Last week’s letter discussed passive protagonists. This week, I want to unpack two other ways to give protagonists agency within their stories: considering how they learn critical information and who makes the majority of the decisions in their story.

Think about scenes in which your protagonist is looking for answers or direction. Do others tend to give them helpful hints and suggestions at just the right time? Does your protagonist seem to happen across what they need to know by chance, without much effort? If so, think about how you can remove some of this assistance in order to make it harder for your protagonist to find information. 

This might mean having your protagonist start the story with less information or making the answers to their questions more complex than they initially appear. It might involve limiting explicit directions, lucky breaks, and hints from other characters, or it might be more subtle.

For example, I often read manuscripts in which protagonists overhear important conversations. Eavesdropping—particularly if it happens accidentally, repeatedly, or without risk, effort, and planning—can read as an overly convenient way for characters to quickly learn information. If your protagonist must eavesdrop, consider making the conversation somewhat misleading; having it leave your character unsatisfied or with more questions than answers; or requiring your character to sacrifice something else in exchange, such as betraying a friend’s trust or missing an anticipated event.

In addition to considering how your protagonist learns information, think about who makes the major decisions in their story. These might be decisions that impact the plot (e.g. Should I investigate that mysterious light in the forest?); their relationships (e.g. Should I stick with my best friend, even if that means giving up something I want to do?); their growth (e.g. Do I need to come clean about my mistake?); or other areas of the story. Does your protagonist always follow the rules, allow their friends to take the lead, or find themselves forced into uncomfortable situations by circumstances outside of their control? If your protagonist starts the book this way, do they continue this pattern, or do they break it as they grow?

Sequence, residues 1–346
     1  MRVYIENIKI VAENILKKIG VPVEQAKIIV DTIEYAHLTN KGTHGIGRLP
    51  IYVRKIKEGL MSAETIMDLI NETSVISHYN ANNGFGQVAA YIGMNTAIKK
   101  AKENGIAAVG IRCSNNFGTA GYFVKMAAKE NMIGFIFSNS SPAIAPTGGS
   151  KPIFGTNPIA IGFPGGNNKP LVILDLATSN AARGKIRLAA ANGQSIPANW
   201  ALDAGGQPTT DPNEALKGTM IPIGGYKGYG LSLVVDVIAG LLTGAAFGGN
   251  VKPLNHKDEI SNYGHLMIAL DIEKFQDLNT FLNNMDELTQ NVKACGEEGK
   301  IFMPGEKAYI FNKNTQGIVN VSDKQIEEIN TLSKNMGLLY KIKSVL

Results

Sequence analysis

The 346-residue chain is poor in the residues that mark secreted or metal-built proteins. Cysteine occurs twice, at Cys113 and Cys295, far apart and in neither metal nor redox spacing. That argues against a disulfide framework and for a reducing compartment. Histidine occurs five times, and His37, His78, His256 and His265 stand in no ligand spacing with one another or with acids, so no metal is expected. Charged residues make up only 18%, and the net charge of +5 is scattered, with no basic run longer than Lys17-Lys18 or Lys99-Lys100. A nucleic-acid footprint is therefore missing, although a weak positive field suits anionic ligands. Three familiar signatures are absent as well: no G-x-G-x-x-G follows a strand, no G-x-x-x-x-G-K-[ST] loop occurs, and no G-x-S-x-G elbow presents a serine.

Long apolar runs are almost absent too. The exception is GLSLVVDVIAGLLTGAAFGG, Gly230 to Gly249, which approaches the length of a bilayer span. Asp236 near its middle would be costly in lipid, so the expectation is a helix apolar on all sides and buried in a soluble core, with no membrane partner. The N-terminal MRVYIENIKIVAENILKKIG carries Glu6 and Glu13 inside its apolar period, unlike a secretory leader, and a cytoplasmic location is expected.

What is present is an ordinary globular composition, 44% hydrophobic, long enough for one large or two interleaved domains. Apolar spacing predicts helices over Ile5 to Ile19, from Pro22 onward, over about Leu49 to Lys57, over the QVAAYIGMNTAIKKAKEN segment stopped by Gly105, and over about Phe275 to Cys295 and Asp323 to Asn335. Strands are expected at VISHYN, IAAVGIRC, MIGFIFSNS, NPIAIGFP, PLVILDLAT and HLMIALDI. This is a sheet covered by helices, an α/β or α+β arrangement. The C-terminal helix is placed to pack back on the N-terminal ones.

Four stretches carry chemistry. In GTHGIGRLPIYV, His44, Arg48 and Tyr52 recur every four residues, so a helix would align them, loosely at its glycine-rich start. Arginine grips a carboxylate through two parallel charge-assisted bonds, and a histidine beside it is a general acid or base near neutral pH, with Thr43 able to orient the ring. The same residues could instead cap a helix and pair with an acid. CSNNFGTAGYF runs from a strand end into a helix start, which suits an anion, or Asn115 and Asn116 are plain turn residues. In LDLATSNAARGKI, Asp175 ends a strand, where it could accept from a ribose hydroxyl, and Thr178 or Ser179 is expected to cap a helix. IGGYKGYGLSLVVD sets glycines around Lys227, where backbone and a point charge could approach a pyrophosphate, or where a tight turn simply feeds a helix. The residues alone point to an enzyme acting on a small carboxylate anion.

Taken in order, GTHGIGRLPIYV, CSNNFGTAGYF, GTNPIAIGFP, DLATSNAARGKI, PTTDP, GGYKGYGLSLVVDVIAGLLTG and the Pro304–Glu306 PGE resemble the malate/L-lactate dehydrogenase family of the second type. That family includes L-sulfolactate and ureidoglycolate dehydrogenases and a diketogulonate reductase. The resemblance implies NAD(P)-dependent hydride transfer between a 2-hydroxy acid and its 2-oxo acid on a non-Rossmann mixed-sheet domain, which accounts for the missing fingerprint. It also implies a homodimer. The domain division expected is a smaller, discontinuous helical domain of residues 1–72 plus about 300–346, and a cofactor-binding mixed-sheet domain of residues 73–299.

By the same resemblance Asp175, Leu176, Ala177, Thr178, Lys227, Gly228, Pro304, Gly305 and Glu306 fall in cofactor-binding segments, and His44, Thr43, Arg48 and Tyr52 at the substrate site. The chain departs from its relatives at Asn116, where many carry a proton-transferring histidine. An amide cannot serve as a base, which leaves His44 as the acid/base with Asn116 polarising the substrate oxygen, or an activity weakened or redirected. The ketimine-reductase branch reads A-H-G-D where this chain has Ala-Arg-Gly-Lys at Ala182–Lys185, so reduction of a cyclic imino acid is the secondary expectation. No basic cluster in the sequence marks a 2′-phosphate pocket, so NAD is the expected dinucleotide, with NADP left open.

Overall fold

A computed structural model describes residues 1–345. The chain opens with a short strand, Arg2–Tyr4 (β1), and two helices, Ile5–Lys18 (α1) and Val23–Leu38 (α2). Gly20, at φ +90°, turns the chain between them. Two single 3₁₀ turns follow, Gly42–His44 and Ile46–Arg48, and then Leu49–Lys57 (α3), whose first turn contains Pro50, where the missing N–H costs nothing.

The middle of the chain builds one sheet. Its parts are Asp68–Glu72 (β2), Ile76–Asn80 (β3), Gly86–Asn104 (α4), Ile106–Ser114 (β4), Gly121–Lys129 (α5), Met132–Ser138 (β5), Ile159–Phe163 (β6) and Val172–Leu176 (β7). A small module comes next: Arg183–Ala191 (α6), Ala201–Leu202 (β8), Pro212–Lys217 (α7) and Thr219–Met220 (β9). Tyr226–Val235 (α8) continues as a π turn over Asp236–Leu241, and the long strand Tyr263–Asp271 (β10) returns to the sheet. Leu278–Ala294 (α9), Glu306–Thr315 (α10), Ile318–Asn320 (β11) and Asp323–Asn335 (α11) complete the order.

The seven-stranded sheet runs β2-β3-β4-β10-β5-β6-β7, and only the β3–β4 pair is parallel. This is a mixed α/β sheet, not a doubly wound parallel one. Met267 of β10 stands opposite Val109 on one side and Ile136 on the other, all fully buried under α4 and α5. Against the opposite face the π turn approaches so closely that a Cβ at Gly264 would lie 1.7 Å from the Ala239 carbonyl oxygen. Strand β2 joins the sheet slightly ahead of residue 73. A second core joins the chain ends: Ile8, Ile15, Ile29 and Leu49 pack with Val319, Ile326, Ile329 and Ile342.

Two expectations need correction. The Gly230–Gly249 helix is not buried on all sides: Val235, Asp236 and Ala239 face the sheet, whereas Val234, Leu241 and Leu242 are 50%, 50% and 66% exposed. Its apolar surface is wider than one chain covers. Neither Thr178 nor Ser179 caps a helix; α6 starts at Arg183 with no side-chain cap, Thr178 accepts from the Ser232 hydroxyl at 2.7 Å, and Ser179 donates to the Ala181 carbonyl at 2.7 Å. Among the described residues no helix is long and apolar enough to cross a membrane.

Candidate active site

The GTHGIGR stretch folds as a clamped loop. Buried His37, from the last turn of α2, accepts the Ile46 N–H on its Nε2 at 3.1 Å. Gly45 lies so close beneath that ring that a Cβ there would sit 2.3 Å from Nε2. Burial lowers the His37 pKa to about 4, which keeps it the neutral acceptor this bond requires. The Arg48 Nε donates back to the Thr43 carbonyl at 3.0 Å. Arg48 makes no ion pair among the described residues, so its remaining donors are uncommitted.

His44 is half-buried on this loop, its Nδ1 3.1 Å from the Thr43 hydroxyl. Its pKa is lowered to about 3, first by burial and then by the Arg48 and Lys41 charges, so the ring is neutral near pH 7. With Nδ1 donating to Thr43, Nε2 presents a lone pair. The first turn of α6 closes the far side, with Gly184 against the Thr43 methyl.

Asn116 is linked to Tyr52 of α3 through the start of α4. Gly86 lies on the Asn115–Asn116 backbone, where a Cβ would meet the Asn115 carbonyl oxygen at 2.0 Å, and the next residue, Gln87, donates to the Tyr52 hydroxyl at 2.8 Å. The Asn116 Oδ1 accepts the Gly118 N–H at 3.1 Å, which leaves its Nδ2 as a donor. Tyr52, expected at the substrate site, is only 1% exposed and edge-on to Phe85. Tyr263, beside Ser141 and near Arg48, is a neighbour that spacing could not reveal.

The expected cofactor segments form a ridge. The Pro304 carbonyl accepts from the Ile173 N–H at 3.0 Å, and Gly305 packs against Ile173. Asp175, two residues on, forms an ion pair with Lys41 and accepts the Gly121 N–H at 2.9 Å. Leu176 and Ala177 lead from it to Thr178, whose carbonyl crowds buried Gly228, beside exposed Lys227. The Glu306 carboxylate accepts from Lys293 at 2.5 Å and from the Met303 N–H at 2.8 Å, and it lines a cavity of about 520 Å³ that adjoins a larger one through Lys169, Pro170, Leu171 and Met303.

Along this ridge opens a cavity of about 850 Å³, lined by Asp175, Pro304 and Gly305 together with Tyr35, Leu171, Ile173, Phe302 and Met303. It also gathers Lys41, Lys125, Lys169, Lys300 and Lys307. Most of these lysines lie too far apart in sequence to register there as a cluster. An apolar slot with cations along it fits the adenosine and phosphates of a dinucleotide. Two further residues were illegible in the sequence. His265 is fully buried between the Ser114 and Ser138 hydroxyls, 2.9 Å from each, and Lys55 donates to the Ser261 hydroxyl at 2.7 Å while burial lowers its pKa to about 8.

Passive protagonists have a tendency to cede responsibility for difficult decisions to other characters or to let fate take its course. This can make it seem as if the protagonist is simply along for the ride in someone else’s story, rather than driving their own story forward. Delegating or avoiding decisions also robs the protagonist of opportunities to grow as they make mistakes and learn from them.

Ultimately, allowing your characters to struggle and forge their own path helps readers to become more invested in their journey. Kids and teens are constantly being told what to think and do by their parents, teachers, and friends—all while trying to form their own identities in the midst of a barrage of influences. These are some of the reasons why it can be so satisfying and affirming to read books that show the determination, strength, and resilience kids and teens have, whether in subtle or dramatic ways. 

Your Editor Friend,

Julie

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